Paramotor helmets

Almost always open face but come with visor options and ear defender options. When flying with two stroke engines you need to either wear ear plugs or ear defenders.

Most PPG helmets allow optional ear defender for them to be integrated. If you want to use radios to talk with friends then you’ll want to buy a separate headset with integrated coms. See Microavionics in our shop for an idea

FlySpain have  pretty much a demo of every product we sell and distribute in the UK, so whilst you're here you can see and even buy a helmet that suits.

What's the best Paragliding Reserve to choose?

Reserve design has changed over the last ten years, the early idea of keeping it small with a quick opening has been ditched for big and therefore slow descent rate. A big one that fits your all up weight in is ideal.

Lightweight: The last few years has seen reserves being made out of very lightweight materials, so they’ve dropped from 3 kilos to almost 1 kg, some alpine extreme types can be much less but come with a warning of to be thrown only once. Fine if you never want to try it out, not so good if you are a budding acro pilot.

Latest design: The Square reserve, is a new idea offering the same descent speed as before but more stable or rather less likelihood to pendular swing. It means traditional round canopies tend to roll around a little once opened or if the main canopy is still flapping about they can swing around a little. Square reserves suggest once opened they offer a more stable descent rate with a less pendular wobble. These are fairly new designs and are a little more to buy and in time I’m sure they will be the standard option to have.

Sizing: Make sure that when buying a reserve the weight range covers your all up flying weight. So Add all your equipment plus you on the scales to work that out, it's approximately 15 - 20 kgs plus your naked weight, different manufacturers offer different sizes reserves for different jobs, solo, tandem etc.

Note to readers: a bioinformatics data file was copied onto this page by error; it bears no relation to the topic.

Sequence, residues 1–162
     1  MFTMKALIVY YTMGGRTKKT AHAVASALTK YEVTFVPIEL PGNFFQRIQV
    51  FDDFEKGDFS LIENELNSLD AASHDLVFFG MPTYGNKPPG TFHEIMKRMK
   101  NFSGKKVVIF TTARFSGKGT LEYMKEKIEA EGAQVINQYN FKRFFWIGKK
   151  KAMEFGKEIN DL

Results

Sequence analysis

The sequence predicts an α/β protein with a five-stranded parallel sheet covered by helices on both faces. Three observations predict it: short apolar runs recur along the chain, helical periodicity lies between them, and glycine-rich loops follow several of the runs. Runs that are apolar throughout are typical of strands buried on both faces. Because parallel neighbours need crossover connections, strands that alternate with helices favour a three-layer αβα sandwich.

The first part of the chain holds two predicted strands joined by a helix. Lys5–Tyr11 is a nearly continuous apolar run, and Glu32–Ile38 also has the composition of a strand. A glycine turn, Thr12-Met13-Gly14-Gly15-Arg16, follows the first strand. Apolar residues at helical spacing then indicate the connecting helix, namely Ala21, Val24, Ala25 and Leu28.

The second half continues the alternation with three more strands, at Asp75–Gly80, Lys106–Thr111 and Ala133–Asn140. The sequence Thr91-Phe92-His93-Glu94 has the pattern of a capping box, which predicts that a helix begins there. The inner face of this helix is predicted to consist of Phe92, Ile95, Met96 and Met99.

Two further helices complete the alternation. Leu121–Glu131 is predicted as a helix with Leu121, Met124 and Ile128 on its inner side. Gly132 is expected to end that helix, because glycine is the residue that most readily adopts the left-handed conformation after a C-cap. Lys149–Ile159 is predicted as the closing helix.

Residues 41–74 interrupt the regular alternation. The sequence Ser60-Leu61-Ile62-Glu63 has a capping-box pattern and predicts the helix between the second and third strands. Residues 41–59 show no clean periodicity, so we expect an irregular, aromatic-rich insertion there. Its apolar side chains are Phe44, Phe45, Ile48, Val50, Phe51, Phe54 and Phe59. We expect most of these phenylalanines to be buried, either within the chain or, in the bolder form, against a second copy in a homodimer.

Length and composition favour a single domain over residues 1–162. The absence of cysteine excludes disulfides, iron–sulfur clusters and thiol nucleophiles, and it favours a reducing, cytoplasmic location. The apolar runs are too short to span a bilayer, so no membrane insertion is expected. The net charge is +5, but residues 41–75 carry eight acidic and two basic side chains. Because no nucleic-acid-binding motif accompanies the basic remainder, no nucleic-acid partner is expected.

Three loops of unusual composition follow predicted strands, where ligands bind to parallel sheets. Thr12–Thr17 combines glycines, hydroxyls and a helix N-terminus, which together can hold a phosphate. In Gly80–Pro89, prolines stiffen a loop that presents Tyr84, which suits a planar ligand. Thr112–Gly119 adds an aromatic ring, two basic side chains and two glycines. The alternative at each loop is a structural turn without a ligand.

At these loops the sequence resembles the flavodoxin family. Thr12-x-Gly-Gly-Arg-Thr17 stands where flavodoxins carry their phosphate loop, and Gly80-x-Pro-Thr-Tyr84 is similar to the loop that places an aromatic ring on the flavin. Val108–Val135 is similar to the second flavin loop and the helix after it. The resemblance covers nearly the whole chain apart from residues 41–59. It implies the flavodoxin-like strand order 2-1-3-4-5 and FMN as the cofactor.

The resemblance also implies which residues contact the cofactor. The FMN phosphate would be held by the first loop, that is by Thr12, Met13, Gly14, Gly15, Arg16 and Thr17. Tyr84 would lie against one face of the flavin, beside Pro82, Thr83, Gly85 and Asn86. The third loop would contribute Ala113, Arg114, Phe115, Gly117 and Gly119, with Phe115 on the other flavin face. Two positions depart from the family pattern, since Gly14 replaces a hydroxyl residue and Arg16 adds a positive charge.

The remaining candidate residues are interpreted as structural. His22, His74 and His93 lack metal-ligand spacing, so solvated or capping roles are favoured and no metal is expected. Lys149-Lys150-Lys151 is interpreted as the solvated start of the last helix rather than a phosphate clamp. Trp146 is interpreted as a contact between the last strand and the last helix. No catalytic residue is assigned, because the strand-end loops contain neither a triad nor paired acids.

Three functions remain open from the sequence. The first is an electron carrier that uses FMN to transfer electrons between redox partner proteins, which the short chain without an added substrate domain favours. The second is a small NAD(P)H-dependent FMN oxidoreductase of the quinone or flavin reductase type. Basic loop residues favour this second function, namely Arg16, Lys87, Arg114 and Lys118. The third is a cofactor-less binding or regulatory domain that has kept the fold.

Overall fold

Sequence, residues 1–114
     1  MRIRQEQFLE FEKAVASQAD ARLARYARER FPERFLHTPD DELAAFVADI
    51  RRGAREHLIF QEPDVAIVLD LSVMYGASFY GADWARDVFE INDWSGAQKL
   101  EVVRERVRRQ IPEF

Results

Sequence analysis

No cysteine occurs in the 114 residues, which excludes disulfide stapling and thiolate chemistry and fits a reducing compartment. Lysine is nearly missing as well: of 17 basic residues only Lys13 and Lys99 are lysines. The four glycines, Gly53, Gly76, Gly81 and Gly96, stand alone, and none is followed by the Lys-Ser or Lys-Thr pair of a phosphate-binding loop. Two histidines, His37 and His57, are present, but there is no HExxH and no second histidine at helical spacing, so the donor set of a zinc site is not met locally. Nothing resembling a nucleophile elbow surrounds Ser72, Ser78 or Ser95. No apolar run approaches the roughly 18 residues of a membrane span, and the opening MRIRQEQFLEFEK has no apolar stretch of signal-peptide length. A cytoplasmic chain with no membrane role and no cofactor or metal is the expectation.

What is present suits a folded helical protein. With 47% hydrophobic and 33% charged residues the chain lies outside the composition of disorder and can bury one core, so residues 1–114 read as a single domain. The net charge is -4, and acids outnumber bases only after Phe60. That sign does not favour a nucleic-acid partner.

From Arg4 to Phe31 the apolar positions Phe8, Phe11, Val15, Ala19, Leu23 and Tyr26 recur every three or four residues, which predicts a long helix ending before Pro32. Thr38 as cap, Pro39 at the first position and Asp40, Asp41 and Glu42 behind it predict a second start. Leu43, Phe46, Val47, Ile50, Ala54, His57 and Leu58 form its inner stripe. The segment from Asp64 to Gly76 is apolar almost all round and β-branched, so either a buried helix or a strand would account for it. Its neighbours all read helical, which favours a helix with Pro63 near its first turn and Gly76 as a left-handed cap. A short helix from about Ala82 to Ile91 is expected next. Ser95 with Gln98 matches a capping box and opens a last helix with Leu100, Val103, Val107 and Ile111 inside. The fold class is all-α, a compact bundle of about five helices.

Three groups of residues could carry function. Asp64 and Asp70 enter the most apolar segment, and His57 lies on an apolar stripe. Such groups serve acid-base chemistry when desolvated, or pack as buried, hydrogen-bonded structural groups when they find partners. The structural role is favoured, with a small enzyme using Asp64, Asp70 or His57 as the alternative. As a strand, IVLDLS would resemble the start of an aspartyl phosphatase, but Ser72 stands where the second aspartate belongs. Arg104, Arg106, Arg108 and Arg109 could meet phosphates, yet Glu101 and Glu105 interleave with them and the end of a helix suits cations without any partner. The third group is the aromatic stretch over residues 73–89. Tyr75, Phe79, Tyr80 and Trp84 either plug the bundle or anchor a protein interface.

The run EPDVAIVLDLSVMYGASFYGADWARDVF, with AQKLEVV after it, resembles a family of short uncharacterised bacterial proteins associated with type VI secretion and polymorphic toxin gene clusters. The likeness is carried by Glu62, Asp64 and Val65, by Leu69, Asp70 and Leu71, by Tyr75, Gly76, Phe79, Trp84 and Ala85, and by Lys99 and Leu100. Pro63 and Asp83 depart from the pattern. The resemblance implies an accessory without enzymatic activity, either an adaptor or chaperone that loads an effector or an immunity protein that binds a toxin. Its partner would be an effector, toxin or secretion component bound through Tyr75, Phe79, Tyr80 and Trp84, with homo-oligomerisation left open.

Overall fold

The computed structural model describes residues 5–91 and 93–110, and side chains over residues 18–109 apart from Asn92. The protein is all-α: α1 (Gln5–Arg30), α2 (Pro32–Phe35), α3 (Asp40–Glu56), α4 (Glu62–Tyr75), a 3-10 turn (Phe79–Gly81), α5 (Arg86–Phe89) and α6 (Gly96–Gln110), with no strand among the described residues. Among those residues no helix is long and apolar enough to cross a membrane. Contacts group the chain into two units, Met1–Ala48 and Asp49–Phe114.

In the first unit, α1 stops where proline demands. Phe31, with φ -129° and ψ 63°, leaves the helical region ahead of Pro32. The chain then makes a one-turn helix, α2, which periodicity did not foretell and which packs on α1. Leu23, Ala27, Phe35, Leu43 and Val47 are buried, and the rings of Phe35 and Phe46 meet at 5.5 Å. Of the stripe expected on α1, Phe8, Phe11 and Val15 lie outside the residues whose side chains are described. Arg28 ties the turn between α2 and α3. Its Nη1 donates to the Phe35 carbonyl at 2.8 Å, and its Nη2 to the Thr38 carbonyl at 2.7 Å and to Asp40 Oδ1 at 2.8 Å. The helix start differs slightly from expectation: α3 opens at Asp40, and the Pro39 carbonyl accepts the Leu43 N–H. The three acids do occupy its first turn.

Descent rate: Manufacturers will state a descent rate for reserves, do check they state the descent for maximum weight. For example, some offer a descent rate of 6 metres descent per second, Ok if you are light and springy. Personally, I’d go for anything around the 4-5 meters if possible. When thinking of descent rate ponder jumping off a 3-metre high ladder or land rover roof rack, that's approximately 6 meters per second of decent.

Age of reserves: Currently anything over ten years old is likely to be unfashionably small in size and offer very quick descent  rates. Only buy second hand if they have been inspected and repacked by a professional. 

The key thing about reserves is to keep make sure they are repacked at least once a year. They tend to be positioned under the seat so when the equipment is packed away they are compressed by all materials around. Imagine pulling out an old tent that has not seen the light of day, heavily creased. Get them repacked annually and they will stay fluffy and keen to unfurl in the unlikely event that you’ll use them. There are many schools and agents who offer a reserve repacking service. 

The official recommendation is to replace them every ten years. Whether they have been used or not, although they are a porous fabric you can get line shrinkage and fabric can corrode, the best way to find out is to get a reserve repack and inspection from a professional repack house like The Loft or Aerofix, they'll give you a health report. 

When is a good time to buy equipment?

If you know it is what you want to do then crack on, you are not sure then I always believe that once you’ve done your Ep course then that's an ideal time. 

Flying is in truth relatively easy, the common insecurities for new pilots are at take off. The pressure of taking off with or without an instructor in wind especially.

If you are back in Blighty on a club site with an audience of suited and booted flyers on the hill it can feel like public speaking for the first time. As with public speaking know your subject well and there should be no problem.

Its all a head game, the best place to practise Reverse launching  or Alpine launches is on the flat or a gentle slope in light winds, once you’ve got that dialled you can experiment with stronger winds. In no time at all you’ll be back on launch in a delightful soarable breeze confident that you are familiar with launching not just a passenger at the crucial sacrificial alter. We’ve put a quick refresher video on Youtube to help Reverse launch technique. We are constantly adding video tutorials so keep in touch.